I wish the circumstances were different, but the fact of the matter is, I come from a long line of women with breast cancer. My mother, grandmother and great-grandmother all suffered from it. While my grandmother was able to beat the odds way back in 1966, my own mother was not; she passed away in 1991 because doctors thought it was too radical to have a preventive double mastectomy at the time. In 2005, I chose to have genetic testing, and the results, not surprisingly, were positive for BRCA1. I had just had my first child, and was about to have a second. I knew, no matter what, that I had two reasons right there for having preventive surgery.
Fast forward to 2015, ten years later, I was finally able to have my preventive double mastectomy and reconstruction. Life kept getting in the way…pregnant or breast feeding two more times since diagnosis, moving overseas to a country that barely had any awareness or doctors skilled in breast reconstruction, then moving to yet another country, where finally, the cards fell in place. I flew from Singapore to Texas to have my surgery with Dr. Chrysopoulo at PRMA in San Antonio.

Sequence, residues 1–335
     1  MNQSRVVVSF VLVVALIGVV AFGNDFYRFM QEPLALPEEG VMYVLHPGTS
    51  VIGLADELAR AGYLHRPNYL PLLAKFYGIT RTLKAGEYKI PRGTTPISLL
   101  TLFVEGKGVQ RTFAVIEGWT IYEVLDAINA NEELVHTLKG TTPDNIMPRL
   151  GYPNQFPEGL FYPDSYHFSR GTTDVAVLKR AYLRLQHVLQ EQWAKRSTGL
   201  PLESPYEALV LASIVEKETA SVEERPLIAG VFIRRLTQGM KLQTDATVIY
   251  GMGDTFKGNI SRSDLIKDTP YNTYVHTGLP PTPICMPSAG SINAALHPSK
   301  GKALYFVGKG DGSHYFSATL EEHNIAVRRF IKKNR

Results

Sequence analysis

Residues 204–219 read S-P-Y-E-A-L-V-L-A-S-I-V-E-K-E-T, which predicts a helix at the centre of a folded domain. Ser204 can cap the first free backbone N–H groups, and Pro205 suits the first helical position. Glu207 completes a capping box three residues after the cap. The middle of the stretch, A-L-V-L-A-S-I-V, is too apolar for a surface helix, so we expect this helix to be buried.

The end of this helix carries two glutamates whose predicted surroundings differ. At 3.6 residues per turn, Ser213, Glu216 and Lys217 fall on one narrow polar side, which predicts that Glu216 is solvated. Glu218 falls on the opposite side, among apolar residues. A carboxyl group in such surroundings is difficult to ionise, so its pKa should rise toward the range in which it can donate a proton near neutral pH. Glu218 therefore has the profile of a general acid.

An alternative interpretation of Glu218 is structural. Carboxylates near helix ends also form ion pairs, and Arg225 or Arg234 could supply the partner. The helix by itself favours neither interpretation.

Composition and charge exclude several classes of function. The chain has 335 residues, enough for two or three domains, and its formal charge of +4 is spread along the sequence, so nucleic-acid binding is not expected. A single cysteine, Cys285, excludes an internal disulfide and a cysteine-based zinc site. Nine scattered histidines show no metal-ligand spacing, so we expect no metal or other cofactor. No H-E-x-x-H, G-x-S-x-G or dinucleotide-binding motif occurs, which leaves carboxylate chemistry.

Throughout my planning, surgery and recovery, I kept a very open and detailed blog, hoping to help other women understand the process. But I kept thinking about my own kids. I was so open with them, and allowed them to be a part of the process. So, I wrote down our initial conversation about BRCA and why we were flying to Texas in a blog post. That post, as well as the surgery and recovery, turned into a children’s book, Why is Mommy Having Surgery, She Looks Ok to Me.
2015 is the year I got my life back—and I'm hopeful that what I've learned and gone through, as well as my children, can help other mothers and children traveling the same path.
Heather Barnard is a mother to three beautiful children and a loving wife to her husband of 14 years. The family currently lives overseas where Heather is teaching and they enjoy a life of travel. When she's not teaching, she advocates on Twitter for women to know their options with BRCA from genetic testing to choosing a surgeon and the types of available preventive surgery.
For another great resource on discussing hereditary cancer risk with children, read our booklet created in collaboration with the National Society of Genetic Counselors, Talking About BRCA in Your Family Tree.